The Curiosity Series: COVID-19 as a Disruptor
The chaos of the pandemic has made issues of inequity, harmful silences, and systemic failures plain to see.
Merely realizing these deeply rooted shortcomings, however, is not enough.
As part of our Curiosity sub-series––COVID-19 As a Disruptor––we’ve been probing at how the pandemic has affected people in various ways. The goal of these conversations is to encourage people to reflect in their own communities and on their own experiences to take action for change.
Though we didn’t know it yet, the central theme of these conversations was set in our May Curiosity Series. Our guest panelists for that session emphasized, over and over, how much people’s interactions with one another have changed, and how the effects of that would be different for different segments of the population.
There were thoughts around the mental health effects of this new normal, but also around the fact that in the rush of dealing with the pandemic, the needs of many populations were overlooked. This includes those who didn’t have the option to work from home and were suddenly out of a job or who live in public housing with greater difficulty creating space between them and their neighbors.
The turbulence of pandemic has emphasized how the needs of low income families and minority groups are often overlooked and unaccounted for. And, unprompted, this fact continued to be the common thread of all the panel discussions in this sub-series, which has so far shined a light on higher education, entertainment and events, and healthcare delivery.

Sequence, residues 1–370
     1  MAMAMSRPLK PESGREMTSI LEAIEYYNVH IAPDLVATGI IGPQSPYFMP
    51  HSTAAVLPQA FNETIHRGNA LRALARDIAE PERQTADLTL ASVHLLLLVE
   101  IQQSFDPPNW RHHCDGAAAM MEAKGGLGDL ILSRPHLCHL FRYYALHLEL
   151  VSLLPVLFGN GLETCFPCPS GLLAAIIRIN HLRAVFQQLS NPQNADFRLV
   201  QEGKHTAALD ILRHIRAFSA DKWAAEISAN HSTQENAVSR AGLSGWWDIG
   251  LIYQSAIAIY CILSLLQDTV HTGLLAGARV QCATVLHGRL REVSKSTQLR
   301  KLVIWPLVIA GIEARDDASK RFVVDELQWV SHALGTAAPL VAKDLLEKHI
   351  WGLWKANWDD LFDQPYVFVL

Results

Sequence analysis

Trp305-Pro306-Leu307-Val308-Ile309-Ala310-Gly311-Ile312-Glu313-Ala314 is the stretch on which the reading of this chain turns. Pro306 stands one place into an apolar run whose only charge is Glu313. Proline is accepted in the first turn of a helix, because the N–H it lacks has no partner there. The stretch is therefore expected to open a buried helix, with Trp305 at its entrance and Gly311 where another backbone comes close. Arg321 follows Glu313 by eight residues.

In the September installment, our panelists highlighted how one of the biggest impacts of the pandemic has been to unmask issues around access to higher education and shortcomings with respect to equity and community inclusion (ECI). Technological limitations, lack of spatial boundaries in the home, and the struggle to have the necessary mentally capacity are some factors that affect one’s ability to learn/teach from home. Because these challenges tend to affect marginalized groups more frequently, extra effort to give people a fair chance must become a priority to fully capitalize on the new opportunities enabled by remote learning and teaching.
Dr. Denise O’Neil Green, Ryerson’s Vice President of ECI, highlighted her division’s action to connect with 400+ indigenous students, individually and by phone. In these calls, Dr. Green and her team learned about many student’s lack of resources (in terms of technology and food), and were able to supply them with materials needed to remain in school and to contribute to their food security during this time.
In October, the conversation was centered around ways to re-engage for the sports and entertainment industry, which echoed the importance of really listening to target audiences to understand what they need and meet them where they are.
Sathish Bala, the CEO of DESIFEST, external link (a Toronto-based South Asian music festival), highlighted his new initiatives since April 2020, all of which were to maintain a sense of connection and community in the South Asian population. Through DESIFEST, he has put on over 75 showcases and reached over 1M people.